How this writer found gold nuggets for the story of “Gucci”

I remember watching an Italian report when I was 12 and seeing Patrizia Reggiani in church, dressed in black, mourning the death of the man she had killed a few days earlier. I grew up in Milan, Italy. My mother is a fashion designer. As a child, I used to feed ducks with my father just three doors down from where Maurizio Gucci was murdered.

So when Ridley and Giannina Scott called me to discuss writing “The House of Gucci”, which they had been trying to bring to the screen for nearly two decades, I saw it as more than enough. ‘a simple writing contract: I saw it as the opportunity of a lifetime. A perfect blend of my storytelling interests and a world I knew intimately.

The writing process began with reading Sara Gay Forden’s book, “The House of Gucci,” which is a wonderful biography of the family and brand from its inception in 1921 to the present day. I have been fortunate enough to speak Italian and access articles written about Guccis in the 70s, 80s and 90s. I found wonderful gold nuggets throughout the articles. For example, that Paolo was president of the Pigeon Fancier’s Assn. or Aldo’s reputation for picking up young girls in his stores.

But like any good adaptation, there came a point where I had to put the source material aside and make the story my own. This is a work of fiction, not a docu-fiction or a biography. And in the center is Patrizia. One of the most overused notes given to screenwriters is to make the protagonist “likable”. And while I generally don’t agree with that, I felt that Patrizia’s 30-year-old bow was so tall, so wide, that she needed start in a place of love for Maurizio so that the love story convincingly turns into pure horror. After all, it would be much more relevant for audiences to approach a doomed love story rather than focusing on the cynical, gold-digging aspect of the character.

Another interesting term that is often used is “Tone”. Ironically, the writer may be the last person to be aware of tone when writing. Of course, some stories naturally fall into a certain genre, and there are conventions that could be followed within this framework. But with “House of Gucci” I knew I had to have fun with the material. Much like a rich Italian meal, it was about giving it as much color and exuberance as possible. The biggest pitfall would have been to transform what is a melodramatic and lyrical minestrone into something too austere, too self-righteous. The characters should take themselves very seriously: but that’s where the humor and satire lie.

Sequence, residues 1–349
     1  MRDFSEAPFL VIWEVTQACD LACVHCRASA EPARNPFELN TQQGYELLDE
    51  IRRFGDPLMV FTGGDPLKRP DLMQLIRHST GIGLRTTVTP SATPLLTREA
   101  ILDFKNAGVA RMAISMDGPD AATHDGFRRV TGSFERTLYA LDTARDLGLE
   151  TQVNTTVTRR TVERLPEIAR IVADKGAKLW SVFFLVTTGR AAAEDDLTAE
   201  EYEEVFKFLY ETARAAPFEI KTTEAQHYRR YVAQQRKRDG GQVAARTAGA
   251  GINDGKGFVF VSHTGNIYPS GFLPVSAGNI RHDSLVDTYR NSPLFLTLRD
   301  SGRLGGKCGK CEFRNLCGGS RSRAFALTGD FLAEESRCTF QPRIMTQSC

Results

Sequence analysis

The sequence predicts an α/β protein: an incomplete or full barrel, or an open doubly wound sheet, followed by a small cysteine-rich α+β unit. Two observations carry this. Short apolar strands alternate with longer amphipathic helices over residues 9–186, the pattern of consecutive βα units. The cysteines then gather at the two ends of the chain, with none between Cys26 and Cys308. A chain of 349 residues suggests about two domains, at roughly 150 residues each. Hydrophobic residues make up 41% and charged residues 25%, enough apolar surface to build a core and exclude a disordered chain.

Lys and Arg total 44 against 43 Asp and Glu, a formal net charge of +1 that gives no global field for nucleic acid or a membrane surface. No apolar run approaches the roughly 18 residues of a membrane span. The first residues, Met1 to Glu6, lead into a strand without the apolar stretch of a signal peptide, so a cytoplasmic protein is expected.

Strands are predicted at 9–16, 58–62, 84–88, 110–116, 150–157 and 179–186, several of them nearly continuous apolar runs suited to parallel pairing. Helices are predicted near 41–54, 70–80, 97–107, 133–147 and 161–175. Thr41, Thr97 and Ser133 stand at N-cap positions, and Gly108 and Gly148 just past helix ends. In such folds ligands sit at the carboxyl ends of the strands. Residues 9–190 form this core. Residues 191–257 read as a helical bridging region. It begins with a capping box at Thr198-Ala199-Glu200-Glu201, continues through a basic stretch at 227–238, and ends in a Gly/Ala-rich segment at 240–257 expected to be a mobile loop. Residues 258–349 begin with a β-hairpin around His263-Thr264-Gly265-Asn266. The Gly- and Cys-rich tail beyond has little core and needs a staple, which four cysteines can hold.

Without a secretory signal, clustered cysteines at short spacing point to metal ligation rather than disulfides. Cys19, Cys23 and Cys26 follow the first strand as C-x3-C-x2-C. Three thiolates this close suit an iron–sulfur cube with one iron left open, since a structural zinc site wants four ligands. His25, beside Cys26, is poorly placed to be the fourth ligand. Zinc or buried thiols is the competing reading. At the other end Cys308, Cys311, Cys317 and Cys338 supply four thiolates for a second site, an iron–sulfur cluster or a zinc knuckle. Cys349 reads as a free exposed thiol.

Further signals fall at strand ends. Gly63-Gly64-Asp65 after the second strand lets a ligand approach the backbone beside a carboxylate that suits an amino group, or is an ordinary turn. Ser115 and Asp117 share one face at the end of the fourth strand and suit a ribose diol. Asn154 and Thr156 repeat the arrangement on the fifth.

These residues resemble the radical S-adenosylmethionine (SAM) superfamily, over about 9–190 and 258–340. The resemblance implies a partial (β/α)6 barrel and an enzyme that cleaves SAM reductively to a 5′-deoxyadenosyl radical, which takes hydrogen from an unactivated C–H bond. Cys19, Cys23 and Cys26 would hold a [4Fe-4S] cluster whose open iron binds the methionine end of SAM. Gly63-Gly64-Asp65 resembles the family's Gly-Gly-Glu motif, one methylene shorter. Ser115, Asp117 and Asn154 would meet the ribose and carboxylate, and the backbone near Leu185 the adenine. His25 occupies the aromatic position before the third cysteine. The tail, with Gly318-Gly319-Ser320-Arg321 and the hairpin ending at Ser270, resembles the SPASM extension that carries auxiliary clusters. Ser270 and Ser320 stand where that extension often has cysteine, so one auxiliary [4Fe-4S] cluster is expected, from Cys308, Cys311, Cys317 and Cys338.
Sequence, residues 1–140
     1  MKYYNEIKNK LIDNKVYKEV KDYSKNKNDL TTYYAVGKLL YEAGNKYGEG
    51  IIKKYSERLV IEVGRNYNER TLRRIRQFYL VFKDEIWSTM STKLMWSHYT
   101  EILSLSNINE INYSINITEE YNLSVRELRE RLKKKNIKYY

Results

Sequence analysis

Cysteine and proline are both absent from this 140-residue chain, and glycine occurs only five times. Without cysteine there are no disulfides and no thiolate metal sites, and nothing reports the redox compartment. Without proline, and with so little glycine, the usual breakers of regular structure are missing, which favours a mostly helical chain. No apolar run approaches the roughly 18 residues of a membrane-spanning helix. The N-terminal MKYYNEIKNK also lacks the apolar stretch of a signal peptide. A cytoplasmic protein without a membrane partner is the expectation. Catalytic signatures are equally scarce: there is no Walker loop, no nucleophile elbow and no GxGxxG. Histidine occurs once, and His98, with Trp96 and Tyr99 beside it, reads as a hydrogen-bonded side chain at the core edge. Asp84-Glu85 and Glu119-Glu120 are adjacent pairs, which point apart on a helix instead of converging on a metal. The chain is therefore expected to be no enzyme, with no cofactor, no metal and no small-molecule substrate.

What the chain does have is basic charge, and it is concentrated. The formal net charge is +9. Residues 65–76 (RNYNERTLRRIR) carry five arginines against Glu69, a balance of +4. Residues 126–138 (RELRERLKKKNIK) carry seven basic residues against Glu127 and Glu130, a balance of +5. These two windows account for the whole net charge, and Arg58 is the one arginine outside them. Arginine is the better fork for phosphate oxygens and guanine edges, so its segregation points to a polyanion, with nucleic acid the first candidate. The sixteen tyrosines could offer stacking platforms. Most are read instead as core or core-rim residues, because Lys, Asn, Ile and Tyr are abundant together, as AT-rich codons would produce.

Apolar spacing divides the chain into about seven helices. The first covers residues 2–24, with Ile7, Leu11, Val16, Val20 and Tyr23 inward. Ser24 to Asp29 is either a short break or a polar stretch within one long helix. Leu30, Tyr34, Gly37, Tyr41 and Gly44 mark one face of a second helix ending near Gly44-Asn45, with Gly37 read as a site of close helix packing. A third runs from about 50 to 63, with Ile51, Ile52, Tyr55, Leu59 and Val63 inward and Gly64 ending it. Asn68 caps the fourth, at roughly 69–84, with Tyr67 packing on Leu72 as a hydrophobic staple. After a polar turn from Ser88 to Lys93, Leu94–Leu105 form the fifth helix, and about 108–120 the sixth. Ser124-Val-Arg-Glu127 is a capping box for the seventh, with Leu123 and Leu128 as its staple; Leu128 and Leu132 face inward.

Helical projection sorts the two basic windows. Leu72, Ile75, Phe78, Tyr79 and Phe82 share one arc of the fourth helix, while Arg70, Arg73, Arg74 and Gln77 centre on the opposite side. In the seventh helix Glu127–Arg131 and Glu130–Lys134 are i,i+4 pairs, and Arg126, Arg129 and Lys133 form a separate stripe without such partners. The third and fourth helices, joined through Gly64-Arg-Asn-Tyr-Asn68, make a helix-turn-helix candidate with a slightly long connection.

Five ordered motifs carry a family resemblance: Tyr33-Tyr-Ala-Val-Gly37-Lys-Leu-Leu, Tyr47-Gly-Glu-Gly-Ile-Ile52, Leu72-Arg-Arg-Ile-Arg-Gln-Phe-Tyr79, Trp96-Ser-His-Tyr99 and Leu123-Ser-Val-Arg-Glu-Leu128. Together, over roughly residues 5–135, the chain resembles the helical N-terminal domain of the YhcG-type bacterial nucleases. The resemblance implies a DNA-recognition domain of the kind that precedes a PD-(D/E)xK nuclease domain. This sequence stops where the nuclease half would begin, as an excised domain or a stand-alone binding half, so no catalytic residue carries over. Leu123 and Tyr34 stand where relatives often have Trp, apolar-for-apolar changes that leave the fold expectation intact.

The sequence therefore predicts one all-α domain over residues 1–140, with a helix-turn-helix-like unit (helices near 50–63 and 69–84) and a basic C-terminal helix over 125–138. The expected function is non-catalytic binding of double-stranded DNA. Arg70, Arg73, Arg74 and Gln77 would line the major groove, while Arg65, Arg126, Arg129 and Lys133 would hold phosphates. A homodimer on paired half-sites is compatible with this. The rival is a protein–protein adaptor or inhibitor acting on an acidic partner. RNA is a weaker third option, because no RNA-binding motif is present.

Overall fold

I did the research for three months and wrote the screenplay in three months. My first draft was 135 pages long. At one point we had a 150-page manuscript – Ridley and I kept adding new scenes, drunk with Gucci’s enthusiasm. The filming script was close to the original 135. I don’t think many of the new scenes in the longer version made it to the final script, but we got to know these characters and the story better.

This is my first feature film produced. I spent a year during the pandemic in Colombia after going to a wedding in Bogota and getting stuck there. I’ve worked remotely with Ridley and the cast for most of this year. Ridley graciously allowed me to be on set throughout the shoot, from the first frame to the last. I’ll be forever grateful to him – he knows I want to direct, and it was a masterclass in cinema by a real master.

I will never forget arriving in Rome in February at my hotel, which also served as the production office for the film. I put my bags in my room and ventured upstairs to the sixth, seventh, eighth floors. It was the middle of the night, there was no one there. Each floor was dedicated to a production department. Seeing my ideas come to life – the cars I had talked about, the food, the fashion shows, the clothes – was incredibly moving.

After many years of writing in a bubble, never seeing my dreams come true, I was here, working with amazing artists, on a story that brought me straight back to the city where I grew up: Milan. The city where I fell in love with the cinema.

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